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Yoko Ono Plastic Ono Band - Between My Head and the Sky

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Artist: Yoko Ono Plastic Ono Band

Album: Between My Head and the Sky

Label: Chimera

Review date: Sep. 18, 2009

As Yoko Ono found out when she visited London to play at Ornette Coleman’s Meltdown festival in June 2009, she is still remembered by some sections of the press as “the woman who broke up the Beatles.” Given her illustrious history as a Fluxus artist prior to meeting John Lennon and her impressive discography since the demise of the fab four, that attitude increasingly looks misogynist, xenophobic and stupid.

Ono can also attract hostility from those who still believe her singing is typified by the visceral wailing that dominated her early albums on tracks such as “Why” and “Fly.” In truth, alongside that wailing were songs that she sang pure and true with a voice that was emotional and affecting. It is that side of her singing that dominates Between My Head and The Sky.

For this album and at Meltdown, much has been made of the reappearance of the Plastic Ono Band credit – its first use since 1975. Of course, this edition does not have Clapton on guitar or Ringo on drums, but in the “supergroup” spirit of the original, it brings together diverse elements including son and co-producer Sean Lennon, Japanese pop musicians including Keigo “Cornelius” Oyamada and Yuka Honda (of Cibo Matto) plus selected New York improvisers.

The role of the Plastic Ono Band was always to supply a solid foundation of straightforward rock music without stealing the spotlight from Ono, who then sang, wailed or improvised on top of that foundation. With this revised version of the band, that role has evolved. There are more reflective pieces characterized by subdued piano accompaniment, and occasional touches that make the rock music distinctive. Michael Leonhart’s trumpet intro and interjections on “Memories of Footsteps” interact with and enhance the vocals as they deliver an intriguing and engaging narrative. “I’m Going Away Smiling,” a reflective piece surely addressed to John Lennon, is given a suitably pastoral mood by Erik Friedlander’s cello. Oddly, “Calling” opens with a sitar-like drone of which George Harrison would have been proud. Yes, it is difficult to listen to Ono without hearing echoes of her past.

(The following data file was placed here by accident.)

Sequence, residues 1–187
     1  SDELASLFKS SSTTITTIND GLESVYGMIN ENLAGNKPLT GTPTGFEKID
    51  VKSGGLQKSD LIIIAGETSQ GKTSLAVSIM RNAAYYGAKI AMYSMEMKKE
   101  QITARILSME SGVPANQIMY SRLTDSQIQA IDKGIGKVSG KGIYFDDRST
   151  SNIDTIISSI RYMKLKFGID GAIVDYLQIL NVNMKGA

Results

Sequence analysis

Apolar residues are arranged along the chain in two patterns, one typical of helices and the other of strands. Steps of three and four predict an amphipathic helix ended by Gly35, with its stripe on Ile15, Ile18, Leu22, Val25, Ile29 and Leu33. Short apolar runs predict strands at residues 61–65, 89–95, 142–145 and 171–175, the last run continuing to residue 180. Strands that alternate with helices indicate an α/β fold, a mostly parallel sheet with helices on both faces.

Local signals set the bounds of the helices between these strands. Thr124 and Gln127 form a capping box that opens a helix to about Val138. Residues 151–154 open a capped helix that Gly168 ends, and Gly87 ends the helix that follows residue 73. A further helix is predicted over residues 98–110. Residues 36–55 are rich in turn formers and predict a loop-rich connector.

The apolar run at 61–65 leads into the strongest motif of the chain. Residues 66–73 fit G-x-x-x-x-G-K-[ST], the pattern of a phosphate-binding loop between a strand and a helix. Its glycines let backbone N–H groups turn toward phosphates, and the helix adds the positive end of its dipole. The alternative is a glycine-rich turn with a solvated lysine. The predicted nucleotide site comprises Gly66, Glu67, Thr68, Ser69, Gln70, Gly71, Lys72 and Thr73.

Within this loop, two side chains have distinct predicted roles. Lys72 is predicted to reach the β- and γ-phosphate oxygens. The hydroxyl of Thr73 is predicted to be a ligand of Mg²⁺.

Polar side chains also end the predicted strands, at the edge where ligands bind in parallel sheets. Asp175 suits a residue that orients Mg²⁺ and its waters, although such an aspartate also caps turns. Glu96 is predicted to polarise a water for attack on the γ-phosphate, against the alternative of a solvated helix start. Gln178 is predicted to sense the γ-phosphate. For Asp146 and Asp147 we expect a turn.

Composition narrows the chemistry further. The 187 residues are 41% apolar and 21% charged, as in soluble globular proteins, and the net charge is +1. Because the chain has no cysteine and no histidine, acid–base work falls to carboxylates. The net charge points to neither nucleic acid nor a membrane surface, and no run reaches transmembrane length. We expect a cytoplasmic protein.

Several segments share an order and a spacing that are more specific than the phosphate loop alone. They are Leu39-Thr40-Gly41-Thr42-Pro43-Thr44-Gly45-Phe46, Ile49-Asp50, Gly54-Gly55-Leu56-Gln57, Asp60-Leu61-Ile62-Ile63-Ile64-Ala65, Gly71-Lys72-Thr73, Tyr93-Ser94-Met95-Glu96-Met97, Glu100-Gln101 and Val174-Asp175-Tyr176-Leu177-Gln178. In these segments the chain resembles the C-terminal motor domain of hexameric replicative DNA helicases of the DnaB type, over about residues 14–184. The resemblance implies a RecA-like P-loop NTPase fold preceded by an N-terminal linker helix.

Unlike recent Ono albums, this one does not revive or remix past songs (except to include the four tracks previously released in June 2009 on the iTunes download EP Don’t Stop Me.) All 15 tracks are new Ono compositions, composed in a six-day burst during the recording session. Some were written and recorded the same day, and it shows. On the opener “Waiting For the D Train” Ono repeats the title phrase interspersed with the sort of vocal noises that are vestigial traces of the wailing. “Moving Mountains” is entirely wordless and Ono’s expressively melodic voice here ought to be required listening for anyone who ever peddles criticism of her singing.

Some songs had lyrics freely improvised by Ono. At times this produces lines that are charmingly naïve, as on “Ask the Elephant” which has a nursery rhyme quality. Otherwise, concerns and issues from her life recur in Ono’s lyrics, not least references to positivism, peace, love and universal consciousness. So, “Healing” opens with the repeated phrase “Imagine peace” before going on to suggest, “Let’s put all the sad songs together / and change our negative energy / to create a beautiful future / it’s very simple,” all delivered over a tranquil reflective accompaniment. On “Unun. To” she recites, “Life becomes like a lover you have been close to / You know him so well and yet every day he gives you a surprise / When you say I love you, remember you are not just saying it to the one you love / you are saying to yourself, the planet and the Universe.”

Credit must go to Sean Lennon for producing (and releasing on his own label) an album that combines the best of his mother’s creative instincts into a varied and eclectic summary of her music. Famously, on her 1995 album Rising, when Ono sang the first words that came into her head, she came out with “I’m dying.” Fittingly, this album concludes with the far more life-affirming end piece “I’m Alive.” It’s an album that leaves you feeling better after listening to it.

By John Eyles

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